Plus, the feminist apocalypse, proto–cancel culture, and Robert Nisbet
Roger Scruton’s humane conservatism
The best of intellectual conservative thought, every Thursday. Subscribe here to receive the Intercollegiate Review in your inbox every week.
CATEGORY: HIGHER EDUCATION (8 min)
What does it take to be a good teacher?
Philosophy professor Richard Cocks believes that it requires a deep knowledge and appreciation of our past.
Students need someone who will teach them the great works of the Western tradition with a sense of gratitude.
So what happens when teachers develop a hatred for Western culture?
Destroying Inherited Wisdom
Writing for VogelinView, Cocks makes a strong argument that politically correct education doesn’t reframe our history . . .
. . . it destroys it.
Too many professors ignore the West’s extraordinary achievements and cultural works.
They simply condemn the past. Politics replaces scholarship.
Is it any wonder that so many young people resent their heritage—and try to tear it down?
Give Cocks’s piece a read and let us know whether you agree.
CATEGORY: CONSERVATIVE HEROES (1 hour)
Sir Roger Scruton had a name for the anti-Western mindset that Richard Cocks writes about: “the culture of repudiation.”
Scruton was the most forceful and eloquent critic of this rejection of our cultural inheritance.
He was what you might call a “humane conservative.”
He grounded his political philosophy in art, culture, and a belief in objective standards of beauty.
So how did Scruton develop his conservative philosophy?
Professor Daniel J. Mahoney tells the story in our newest podcast.
Plus, you’ll get to hear from Scruton himself. The podcast includes a brilliant short speech that he gave during ISI’s 2019 Gala for Western Civilization.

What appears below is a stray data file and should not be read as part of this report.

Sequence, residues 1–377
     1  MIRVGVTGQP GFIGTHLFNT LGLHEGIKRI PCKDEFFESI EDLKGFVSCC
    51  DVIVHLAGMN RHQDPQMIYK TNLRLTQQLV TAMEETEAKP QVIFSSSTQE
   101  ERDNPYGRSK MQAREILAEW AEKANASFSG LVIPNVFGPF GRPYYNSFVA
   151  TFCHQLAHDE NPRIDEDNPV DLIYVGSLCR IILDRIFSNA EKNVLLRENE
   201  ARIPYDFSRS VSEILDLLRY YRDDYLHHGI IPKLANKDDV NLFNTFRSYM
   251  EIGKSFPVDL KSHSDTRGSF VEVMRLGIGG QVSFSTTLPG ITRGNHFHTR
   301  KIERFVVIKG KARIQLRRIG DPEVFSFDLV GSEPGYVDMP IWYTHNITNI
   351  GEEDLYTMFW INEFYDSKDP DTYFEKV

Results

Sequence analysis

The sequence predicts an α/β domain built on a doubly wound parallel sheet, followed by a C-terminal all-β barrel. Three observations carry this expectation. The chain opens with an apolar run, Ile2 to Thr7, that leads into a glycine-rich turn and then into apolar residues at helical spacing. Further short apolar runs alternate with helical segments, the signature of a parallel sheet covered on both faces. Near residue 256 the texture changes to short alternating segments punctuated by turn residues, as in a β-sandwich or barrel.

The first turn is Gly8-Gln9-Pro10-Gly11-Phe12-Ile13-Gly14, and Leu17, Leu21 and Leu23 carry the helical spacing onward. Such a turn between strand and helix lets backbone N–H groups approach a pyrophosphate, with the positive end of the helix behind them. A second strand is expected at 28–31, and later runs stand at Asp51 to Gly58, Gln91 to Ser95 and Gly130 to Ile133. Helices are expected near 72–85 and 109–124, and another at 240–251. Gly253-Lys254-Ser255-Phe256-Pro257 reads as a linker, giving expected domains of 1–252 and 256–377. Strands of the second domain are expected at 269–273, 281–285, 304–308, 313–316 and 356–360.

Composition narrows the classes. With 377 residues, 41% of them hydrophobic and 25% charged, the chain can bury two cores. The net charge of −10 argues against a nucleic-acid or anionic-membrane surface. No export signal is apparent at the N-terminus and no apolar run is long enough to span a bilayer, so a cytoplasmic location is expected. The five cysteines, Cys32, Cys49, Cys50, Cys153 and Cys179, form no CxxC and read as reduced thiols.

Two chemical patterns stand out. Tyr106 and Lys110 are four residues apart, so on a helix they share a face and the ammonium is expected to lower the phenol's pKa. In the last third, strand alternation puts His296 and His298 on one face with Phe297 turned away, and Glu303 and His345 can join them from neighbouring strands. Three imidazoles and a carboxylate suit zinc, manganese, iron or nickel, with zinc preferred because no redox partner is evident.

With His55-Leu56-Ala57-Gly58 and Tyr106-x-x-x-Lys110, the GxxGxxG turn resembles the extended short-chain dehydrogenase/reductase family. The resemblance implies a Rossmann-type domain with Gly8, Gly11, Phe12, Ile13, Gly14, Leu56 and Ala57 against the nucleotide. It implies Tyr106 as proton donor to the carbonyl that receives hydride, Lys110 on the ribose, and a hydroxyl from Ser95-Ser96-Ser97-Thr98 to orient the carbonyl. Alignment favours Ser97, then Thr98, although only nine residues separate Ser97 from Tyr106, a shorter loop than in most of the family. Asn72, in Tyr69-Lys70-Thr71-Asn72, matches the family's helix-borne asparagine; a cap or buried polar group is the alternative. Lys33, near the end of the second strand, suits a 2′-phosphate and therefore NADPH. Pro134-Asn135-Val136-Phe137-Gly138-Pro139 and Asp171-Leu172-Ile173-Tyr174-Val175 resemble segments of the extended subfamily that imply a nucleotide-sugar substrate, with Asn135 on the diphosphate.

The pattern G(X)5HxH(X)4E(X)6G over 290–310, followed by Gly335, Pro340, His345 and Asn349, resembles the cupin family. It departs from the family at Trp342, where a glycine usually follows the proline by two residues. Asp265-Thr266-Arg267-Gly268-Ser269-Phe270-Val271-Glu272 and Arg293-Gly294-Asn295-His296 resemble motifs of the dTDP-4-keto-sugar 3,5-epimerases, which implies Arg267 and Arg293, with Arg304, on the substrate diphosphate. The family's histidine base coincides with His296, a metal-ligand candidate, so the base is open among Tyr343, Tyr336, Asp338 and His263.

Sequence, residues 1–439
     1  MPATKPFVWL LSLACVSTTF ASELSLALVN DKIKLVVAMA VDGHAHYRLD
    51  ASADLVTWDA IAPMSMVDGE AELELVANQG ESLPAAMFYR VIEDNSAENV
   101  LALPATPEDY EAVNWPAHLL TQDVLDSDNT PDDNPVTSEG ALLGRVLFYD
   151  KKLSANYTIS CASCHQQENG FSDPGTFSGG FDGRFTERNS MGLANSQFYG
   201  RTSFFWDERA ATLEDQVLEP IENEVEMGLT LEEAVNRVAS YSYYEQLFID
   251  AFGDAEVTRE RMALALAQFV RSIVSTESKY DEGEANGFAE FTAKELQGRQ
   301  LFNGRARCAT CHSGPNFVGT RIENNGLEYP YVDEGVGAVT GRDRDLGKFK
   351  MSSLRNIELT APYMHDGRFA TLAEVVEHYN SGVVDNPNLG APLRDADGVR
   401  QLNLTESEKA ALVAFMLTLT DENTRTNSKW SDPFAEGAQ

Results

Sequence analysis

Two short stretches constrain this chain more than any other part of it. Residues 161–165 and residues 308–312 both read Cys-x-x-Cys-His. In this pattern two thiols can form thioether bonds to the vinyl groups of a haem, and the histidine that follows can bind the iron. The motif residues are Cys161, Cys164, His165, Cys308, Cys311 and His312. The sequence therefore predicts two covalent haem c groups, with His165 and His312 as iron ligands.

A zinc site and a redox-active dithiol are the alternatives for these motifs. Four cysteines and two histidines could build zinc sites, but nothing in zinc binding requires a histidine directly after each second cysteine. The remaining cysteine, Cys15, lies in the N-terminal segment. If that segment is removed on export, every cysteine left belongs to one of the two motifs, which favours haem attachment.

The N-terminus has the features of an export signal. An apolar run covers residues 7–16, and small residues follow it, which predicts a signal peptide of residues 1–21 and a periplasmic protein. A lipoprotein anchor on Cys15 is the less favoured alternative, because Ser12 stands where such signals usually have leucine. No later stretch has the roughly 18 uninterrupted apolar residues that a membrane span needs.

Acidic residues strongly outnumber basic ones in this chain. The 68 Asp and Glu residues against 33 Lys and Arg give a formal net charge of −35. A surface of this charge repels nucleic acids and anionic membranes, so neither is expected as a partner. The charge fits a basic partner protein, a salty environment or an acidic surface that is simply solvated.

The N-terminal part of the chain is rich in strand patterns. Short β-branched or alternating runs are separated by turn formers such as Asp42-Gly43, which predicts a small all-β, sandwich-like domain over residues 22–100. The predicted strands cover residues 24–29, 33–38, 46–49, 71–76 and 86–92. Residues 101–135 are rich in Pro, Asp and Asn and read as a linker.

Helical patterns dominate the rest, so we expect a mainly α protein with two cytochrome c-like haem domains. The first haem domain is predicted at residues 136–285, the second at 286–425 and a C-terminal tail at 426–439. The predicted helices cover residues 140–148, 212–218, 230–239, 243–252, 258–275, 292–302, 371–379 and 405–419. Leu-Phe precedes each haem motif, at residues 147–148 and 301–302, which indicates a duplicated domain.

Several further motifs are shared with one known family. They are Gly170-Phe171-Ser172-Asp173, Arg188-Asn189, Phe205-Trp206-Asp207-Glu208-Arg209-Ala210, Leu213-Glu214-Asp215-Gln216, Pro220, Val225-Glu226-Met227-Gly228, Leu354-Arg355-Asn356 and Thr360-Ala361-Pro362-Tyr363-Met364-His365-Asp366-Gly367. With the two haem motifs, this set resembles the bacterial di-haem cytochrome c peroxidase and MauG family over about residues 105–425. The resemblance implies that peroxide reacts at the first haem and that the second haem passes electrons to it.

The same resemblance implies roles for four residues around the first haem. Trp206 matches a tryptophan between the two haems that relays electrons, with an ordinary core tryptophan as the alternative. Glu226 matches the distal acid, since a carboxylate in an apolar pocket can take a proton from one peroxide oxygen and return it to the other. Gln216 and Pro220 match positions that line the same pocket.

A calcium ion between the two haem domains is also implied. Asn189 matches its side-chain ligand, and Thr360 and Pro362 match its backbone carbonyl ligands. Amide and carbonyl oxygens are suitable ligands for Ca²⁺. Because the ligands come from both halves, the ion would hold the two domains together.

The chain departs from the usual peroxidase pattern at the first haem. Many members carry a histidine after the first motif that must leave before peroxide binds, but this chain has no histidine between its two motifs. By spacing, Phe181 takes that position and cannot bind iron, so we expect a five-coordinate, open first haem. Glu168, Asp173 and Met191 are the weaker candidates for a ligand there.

As Mahoney says, in only 11 minutes Scruton touches on all the great themes of his life and career.
Give this episode a listen for a memorable encounter with one of the greatest conservative thinkers of the past half century.
Students Sue University Over COVID-19 Vaccine Requirement via the Crimson Post
Hate Speech and Its Consequences via the Hitching Post
CATEGORY: POLITICAL PHILOSOPHY (20 min)
Do you remember the fear that gripped the world when the COVID-19 pandemic began?
It was an understandable response.
But many activists attacked people who didn’t seem fearful enough . . .
. . . who dared to raise questions about the trade-offs involved in lockdown policies.
As Modern Age editor Daniel McCarthy pointed out at the time, this philosophy that prioritized fear and death over everything else wasn’t new.
It could be traced back to the philosopher Thomas Hobbes.
More Afraid of Death Than in Love with Life?
In this article from the spring of 2020, McCarthy explains why Hobbes believed that fear was the necessary starting point for a political order . . .
. . . and how that belief survives in modern liberalism.
One of the biggest questions facing conservatives is whether we need to rethink our approach to the economy.
That’s why ISI is hosting The Future of American Political Economy Conference July 23–24 in Alexandria, Virginia.
During this weekend conference, you’ll hear from an all-star roster of conservative thinkers as they discuss solutions to the threats of Big Tech censorship, our trade relationship with China, and a market economy that seems increasingly anti-family.
Registration is only $50 if you’re under 30, and if you’re currently a student, admission is free!
Reserve your spot now to hear from prominent speakers like:
- J. D. Vance, author of the #1 bestseller Hillbilly Elegy—who is considering a run for the U.S. Senate
- Senator Marco Rubio
- Amity Shlaes, bestselling author of The Forgotten Man and Coolidge
- Jeff Sessions, former U.S. attorney general
- Judge Neomi Rao
- . . . and nearly 20 others!
“Conservatives tend to begin from gratitude for what is good and what works in our society and then strive to build on it, while liberals tend to begin from outrage at what is bad and broken and seek to uproot it.”
―Yuval Levin, who will accept ISI’s 2021 Conservative Book of the Year award
Receive the Intercollegiate Review in your inbox every Thursday. Subscribe here or by filling out the simple form below.
Get the Intercollegiate Review in Your Mailbox Every Thursday
The best of intellectual conservative thought, every Thursday. Receive the Intercollegiate Review in your inbox every week by subscribing here.